March 4, 2015

Shakespeare & Company in Paris launches new website and will ship books worldwide

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Claire Kelley

The new Shakespeare & Company website features a section on the history of the bookstore, including a short biography of founder George Whitman.

Shakespeare & Company, the famous Paris bookstore, now has a new digital presence. The staff of the independent bookshop and antiquarian bookseller has not only redesigned their website, they’ve also introduced a place for news and updates called “Le Blog,” started a Tumblr called “Down the Rabbit Hole,” and created the capability to send physical books from Paris to customers worldwide.

In a post announcing the changes, bookshop owner Sylvia Whitman explains that she hopes “to bring a bit of the bookshop and Paris to you, wherever you might be.” She also explains that the new “e-shop” is meant to be an extension of the physical bookshop.

For us, having an online shop isn’t about trying to compete with the big internet companies or ignoring the existence of e-books. It’s about acknowledging the new consumer norms of convenience and efficiency, all while adventuring ever deeper into the Wonderland of what an independent bookstore can be.

The Shakespeare & Company “e-shop” experience allows visitors with an internet connection around the globe to browse books by genre, including a section called S&Co classics, which include the Paris shop’s bestsellers like Sylvia Beach and the Lost Generation: A History of Literary Paris in the Twenties and Thirties by Noel Riley Fitch, Ulysses by James Joyce, and Leaves of Grass by Walt Whitman. Another way to browse is by the “bookshelves” feature — which shows lists of selections by topic from staff, friends of the bookshop, and tumbleweeds (travelers who stay in the shop in exchange for work). And if you’re interested in a rare book, you can find an “elegant and affordable” book, or maybe splurge on a “treasure,” like a first edition of Catcher in the Rye.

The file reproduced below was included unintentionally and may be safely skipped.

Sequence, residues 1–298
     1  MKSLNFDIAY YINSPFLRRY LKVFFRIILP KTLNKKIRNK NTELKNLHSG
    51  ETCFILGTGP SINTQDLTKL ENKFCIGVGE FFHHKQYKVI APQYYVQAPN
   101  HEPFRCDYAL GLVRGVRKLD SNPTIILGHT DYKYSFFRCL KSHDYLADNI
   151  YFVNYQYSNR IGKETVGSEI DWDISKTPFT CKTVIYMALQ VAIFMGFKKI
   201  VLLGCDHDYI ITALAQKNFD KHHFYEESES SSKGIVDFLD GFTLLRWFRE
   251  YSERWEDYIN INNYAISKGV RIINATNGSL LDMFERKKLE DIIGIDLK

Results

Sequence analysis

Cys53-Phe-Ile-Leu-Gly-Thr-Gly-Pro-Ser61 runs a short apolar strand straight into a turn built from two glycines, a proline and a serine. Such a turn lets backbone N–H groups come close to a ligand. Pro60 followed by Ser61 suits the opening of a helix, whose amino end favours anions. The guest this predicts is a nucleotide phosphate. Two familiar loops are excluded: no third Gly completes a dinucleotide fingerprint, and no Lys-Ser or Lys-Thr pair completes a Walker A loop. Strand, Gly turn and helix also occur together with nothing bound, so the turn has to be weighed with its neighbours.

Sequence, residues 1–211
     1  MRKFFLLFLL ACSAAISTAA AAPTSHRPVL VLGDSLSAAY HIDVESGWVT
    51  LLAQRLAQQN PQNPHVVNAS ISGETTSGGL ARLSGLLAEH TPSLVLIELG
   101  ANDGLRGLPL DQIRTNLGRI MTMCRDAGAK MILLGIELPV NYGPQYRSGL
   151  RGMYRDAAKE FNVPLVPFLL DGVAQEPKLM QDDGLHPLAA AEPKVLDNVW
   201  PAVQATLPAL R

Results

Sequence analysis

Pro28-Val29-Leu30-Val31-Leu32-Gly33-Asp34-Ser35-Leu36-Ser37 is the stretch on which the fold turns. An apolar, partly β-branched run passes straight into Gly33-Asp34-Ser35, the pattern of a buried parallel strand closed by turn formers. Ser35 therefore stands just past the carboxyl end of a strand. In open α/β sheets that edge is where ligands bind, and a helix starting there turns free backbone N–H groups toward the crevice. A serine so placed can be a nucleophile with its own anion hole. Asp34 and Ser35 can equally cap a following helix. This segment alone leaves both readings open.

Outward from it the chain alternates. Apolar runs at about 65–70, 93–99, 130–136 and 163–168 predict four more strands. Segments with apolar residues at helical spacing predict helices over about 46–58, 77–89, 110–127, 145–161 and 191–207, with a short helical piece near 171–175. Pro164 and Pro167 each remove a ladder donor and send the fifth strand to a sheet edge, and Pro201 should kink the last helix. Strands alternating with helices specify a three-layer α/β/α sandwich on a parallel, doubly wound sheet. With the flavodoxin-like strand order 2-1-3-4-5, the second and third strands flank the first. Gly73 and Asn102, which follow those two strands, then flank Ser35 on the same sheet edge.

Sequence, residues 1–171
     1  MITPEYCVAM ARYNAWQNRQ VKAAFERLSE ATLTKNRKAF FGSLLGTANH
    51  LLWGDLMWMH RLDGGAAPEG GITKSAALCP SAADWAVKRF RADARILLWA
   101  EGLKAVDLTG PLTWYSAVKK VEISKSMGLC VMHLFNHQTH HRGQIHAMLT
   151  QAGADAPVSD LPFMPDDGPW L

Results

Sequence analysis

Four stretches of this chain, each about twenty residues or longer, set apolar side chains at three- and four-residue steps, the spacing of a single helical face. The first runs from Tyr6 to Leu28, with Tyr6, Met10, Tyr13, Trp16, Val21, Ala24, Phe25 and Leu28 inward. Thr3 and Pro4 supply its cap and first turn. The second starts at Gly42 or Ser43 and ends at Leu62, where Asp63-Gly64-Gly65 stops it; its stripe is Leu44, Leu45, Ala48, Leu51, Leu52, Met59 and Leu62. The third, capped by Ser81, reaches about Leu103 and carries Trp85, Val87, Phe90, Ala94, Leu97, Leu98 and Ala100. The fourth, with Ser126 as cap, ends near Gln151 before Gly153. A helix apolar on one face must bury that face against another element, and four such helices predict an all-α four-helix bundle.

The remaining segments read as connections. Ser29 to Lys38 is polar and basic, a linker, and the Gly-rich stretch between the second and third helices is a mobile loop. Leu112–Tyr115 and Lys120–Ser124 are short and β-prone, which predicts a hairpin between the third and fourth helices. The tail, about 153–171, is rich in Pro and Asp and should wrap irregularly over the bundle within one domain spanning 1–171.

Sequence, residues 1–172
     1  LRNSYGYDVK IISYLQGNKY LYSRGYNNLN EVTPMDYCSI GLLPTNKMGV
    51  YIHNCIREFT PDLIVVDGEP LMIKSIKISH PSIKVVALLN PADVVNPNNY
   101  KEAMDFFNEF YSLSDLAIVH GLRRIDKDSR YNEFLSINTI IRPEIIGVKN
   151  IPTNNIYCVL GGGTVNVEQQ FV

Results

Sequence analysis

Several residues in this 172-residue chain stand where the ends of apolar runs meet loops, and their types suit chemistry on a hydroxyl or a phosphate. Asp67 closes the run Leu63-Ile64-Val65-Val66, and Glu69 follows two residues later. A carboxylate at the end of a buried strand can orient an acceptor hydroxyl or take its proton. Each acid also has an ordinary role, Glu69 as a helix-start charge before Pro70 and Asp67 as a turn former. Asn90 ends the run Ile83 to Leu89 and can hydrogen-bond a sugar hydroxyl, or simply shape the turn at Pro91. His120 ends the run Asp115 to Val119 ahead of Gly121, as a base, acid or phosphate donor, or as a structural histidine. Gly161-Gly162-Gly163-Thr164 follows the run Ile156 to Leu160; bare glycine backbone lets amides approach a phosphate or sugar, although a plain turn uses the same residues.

While Sylvia doesn’t promise rock-bottom prices (she explains that in France, booksellers benefit from a fixed-price agreement), she does promise a special package in the mail if you order a book.

In return for your online purchase, we’ll endeavor to give your books that certain je ne sais quoi. It could be with the bookstore’s official stamp, a vintage postcard of Paris we found in a second-hand book, or a pocket-sized poem typed by a Tumbleweed at the desk looking onto Notre-Dame. Each package will be carefully, beautifully boxed and shipped, sent like a message in a bottle to you or perhaps to a friend, a message of warmth and solidarity that wherever you may be, in whatever town or city, there’s always a home for readers and literary wanderers at Shakespeare and Company.

In addition to the e-shop, other parts of the website are new too. The events section lists all upcoming readings, group meetings, and storytimes, but also archives past events. All of the photos and author podcasts provide an amazing record of all of the authors who have visited the bookshop to give readings in recent years — including Jonathan Lethem, Eleanor Catton, and Ben Lerner — so that you can feel like you were in Paris for the event. There’s also a brief history of the shop with background on the founder George Whitman, and his inspiration, Sylvia Beach proprietor of the original Shakespeare & Company bookshop.

 

Claire Kelley is a the former Director of Library and Academic Marketing.

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